Archive of UserLand's first discussion group, started October 5, 1998.

scriptingNews outline for 4/25/2001

Author:Dave Winer
Posted:4/25/2001; 5:53:52 AM
Topic:scriptingNews outline for 4/25/2001
Msg #:22158
Prev/Next:22157 / 22159

Good morning Jxta fans! We're going to get the story here one way or the other. Bill Joy's latest creation. Will the developers flock to write code at Uncle Bill's altar? Will he breathe new life into P2P? Did they get another smart babe to push their technology? Inquiring geeks want to know!

Wes Felter: So what is Jxta?

Register: No Joy for P2P Vets.

Slashdot thread on Jxta.

Josh Lucas is working on Jxta at CollabNet.

O'Reilly has several Jxta articles.

Sun press release for Jxta.

News.Com: "Sun wants Jxta, unveiled in February by inventor Bill Joy, to power a new generation of services on the Internet. Jxta would provide a foundation for running programs across a host of 'peers' -- potentially every sort of computing device from desktops to tiny cell phones to mammoth servers."

NY Times: "Bill Joy is catching the tail end of a euphoria that never came into existence."

Beta News: AOL Considering Dropping MSIE. "AOL holds the most power in the browser war, as its 30 million users comprise the world's largest online service. Changing the software's browser would dramatically shift market share, giving Netscape new life. Internet Explorer currently controls approximately 88 percent of the browser market."

John Robb reads tea-leaves in the Greenspun-ArsDigita dispute. "Philip came back from his travels full of ideas and refreshed, but quickly got an earful from the other founders/key employees on how the company was being destroyed. He confronted the VCs. The VCs found him impossible to deal with and didn't want to return to open source software."

FAQ page for Salon Premium.

CBS Marketwatch: "For the first time in its 17-year history, computer maker Sun Microsystems will shut down operations worldwide for a week, company sources confirmed Wednesday, as part of a cost-cutting move."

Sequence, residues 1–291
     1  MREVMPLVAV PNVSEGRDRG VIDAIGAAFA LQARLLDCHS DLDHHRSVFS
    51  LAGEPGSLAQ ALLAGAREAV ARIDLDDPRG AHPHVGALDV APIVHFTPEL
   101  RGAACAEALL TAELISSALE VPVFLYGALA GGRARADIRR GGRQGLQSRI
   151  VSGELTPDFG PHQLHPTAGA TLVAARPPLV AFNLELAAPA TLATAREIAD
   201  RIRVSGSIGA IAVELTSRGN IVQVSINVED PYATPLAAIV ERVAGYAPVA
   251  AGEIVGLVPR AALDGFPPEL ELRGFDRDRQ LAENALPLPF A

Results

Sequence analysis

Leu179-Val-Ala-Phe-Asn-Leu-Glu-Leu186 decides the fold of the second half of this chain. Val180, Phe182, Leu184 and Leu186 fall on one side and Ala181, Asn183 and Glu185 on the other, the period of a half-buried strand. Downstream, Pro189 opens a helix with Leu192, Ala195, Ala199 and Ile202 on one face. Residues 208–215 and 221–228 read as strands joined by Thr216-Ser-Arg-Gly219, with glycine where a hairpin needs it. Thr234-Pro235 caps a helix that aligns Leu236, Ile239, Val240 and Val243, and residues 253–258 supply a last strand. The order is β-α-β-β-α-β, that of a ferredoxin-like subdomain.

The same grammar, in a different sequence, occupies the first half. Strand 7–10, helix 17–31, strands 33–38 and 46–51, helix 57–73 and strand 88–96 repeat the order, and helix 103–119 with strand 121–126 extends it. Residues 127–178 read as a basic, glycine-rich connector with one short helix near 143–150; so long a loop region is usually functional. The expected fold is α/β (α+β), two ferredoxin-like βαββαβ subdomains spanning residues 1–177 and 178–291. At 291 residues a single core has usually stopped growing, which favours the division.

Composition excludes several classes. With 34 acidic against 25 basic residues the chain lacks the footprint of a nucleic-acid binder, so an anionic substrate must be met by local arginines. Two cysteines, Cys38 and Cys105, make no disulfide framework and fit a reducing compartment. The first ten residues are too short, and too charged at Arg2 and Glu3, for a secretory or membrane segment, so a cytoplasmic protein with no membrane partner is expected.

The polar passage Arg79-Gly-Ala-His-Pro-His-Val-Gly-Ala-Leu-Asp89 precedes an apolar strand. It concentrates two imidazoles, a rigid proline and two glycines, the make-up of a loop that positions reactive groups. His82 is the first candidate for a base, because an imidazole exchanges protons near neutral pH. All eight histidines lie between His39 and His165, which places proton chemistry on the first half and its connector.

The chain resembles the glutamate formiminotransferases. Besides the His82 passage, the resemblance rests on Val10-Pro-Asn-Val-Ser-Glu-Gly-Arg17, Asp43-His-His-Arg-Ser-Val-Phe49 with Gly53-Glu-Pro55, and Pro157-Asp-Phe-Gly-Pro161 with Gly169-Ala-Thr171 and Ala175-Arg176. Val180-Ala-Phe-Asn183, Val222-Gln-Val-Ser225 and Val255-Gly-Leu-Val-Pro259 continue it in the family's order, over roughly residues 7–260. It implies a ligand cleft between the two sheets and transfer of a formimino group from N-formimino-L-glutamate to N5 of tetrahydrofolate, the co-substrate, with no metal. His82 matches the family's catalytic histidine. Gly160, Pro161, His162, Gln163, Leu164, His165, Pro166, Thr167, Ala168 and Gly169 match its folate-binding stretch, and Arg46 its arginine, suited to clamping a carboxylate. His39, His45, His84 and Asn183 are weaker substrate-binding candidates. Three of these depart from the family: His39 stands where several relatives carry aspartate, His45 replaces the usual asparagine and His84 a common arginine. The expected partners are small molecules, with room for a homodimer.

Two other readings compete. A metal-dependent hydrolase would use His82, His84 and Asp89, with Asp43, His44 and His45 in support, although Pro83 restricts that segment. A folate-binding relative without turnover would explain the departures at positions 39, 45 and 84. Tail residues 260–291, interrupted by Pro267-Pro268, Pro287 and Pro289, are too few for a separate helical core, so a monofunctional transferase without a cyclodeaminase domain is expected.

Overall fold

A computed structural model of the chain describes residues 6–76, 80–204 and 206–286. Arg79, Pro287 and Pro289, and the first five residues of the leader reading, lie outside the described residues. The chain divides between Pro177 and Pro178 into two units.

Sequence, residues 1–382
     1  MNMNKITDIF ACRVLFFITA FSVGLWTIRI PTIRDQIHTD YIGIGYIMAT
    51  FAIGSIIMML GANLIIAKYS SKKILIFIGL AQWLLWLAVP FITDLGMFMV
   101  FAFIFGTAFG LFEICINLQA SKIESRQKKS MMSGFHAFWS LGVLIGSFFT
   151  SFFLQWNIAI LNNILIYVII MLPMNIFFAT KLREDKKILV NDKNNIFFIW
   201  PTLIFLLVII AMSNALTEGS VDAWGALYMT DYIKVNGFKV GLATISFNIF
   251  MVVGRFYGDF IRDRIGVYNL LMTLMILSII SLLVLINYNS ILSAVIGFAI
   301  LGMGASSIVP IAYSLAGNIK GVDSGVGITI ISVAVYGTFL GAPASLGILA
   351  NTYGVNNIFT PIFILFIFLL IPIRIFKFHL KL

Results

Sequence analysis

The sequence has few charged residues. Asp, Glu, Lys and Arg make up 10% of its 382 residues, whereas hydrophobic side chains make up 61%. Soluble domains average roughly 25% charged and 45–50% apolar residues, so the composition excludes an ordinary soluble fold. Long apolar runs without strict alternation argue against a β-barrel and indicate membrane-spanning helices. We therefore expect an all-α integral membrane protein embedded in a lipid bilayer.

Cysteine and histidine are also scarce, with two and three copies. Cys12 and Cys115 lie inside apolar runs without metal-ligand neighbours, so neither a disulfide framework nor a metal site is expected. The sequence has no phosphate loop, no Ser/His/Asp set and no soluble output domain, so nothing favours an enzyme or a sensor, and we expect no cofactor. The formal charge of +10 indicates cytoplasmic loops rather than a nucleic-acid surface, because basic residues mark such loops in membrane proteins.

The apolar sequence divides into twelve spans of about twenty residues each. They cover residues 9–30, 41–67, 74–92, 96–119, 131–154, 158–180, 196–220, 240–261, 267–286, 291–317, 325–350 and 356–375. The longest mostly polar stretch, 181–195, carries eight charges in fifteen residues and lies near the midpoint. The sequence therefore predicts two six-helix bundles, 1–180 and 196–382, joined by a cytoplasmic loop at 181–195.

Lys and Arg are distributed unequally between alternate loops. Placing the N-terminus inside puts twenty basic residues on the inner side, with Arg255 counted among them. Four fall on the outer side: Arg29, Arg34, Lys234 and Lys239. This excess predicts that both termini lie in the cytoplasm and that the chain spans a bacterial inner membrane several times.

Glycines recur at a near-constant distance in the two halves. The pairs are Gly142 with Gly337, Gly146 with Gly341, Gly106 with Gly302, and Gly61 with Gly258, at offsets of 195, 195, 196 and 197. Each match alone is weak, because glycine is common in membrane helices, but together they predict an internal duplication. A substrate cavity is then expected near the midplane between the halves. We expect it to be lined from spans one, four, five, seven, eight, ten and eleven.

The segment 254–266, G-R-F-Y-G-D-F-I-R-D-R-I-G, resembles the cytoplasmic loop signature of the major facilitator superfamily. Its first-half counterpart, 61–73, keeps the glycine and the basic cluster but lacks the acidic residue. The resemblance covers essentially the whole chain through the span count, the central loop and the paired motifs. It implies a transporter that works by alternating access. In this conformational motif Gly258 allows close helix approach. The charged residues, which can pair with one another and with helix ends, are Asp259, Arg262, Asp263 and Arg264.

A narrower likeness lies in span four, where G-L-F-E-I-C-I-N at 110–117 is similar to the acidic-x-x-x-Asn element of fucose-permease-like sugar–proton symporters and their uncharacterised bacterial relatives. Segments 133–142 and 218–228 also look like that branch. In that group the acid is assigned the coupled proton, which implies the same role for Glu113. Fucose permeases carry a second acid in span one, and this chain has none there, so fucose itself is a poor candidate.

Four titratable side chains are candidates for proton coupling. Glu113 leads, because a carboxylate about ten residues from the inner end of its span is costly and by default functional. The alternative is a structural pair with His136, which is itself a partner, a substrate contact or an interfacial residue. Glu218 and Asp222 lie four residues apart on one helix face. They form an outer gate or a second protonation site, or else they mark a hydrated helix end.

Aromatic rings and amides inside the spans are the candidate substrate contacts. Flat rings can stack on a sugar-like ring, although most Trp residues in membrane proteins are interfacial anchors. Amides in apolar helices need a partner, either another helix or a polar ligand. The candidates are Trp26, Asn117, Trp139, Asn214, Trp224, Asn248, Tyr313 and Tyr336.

Is the Mac outliner market coming back to life? "Multiple columns per row a first for any outliner that we've seen!" Wow. Takes your breath away. MORE didn't do multiple columns, but InfoDepot and In Control did. Imho, if you design it that way, it's more of a spreadsheet than a thinking or writing tool. Users beware, one of the lessons of the last round in outlining is that you don't want your ideas locked up in a proprietary format. That's why MORE had lots of import/export capabilities. Before you commit to Omni, ask them to clearly state that your work won't be locked up. "OPML" is the perfect solution for interchange between programs that understand textual hierarchies. Keep the market open. It's good to have competition. One more thing, be sure they have a good scripting interface. It's important.

I got an email last night from Philip Greenspun with a pointer to a chapter of a new book he's working on about SOAP and XML-RPC. I guess they're going to be teaching this stuff at MIT. He asked for some more pointers, and I sent him links to soapware.org, the "BDG", "xmlStorageSystem", and Manila's scripting interface, with a suggestion that we do some work on getting the Ars Digita community system and Manila interoperating. Of course this assumes that his VCs and/or the Delaware court let him work on behalf of their users.

Red Herring: What's it like to be a VC now?

Dan Gillmor: "On Friday, a federal judge blocked the publishing of a novel called The Wind Done Gone -- a retelling of the 1936 saga Gone With the Wind from the perspective of a slave, a half-sister of Scarlett O'Hara. The estate of Margaret Mitchell, the Gone With the Wind author, had sued on the grounds that the book violated copyright protections."

You can buy a copy of The Wind Done Gone on eBay.






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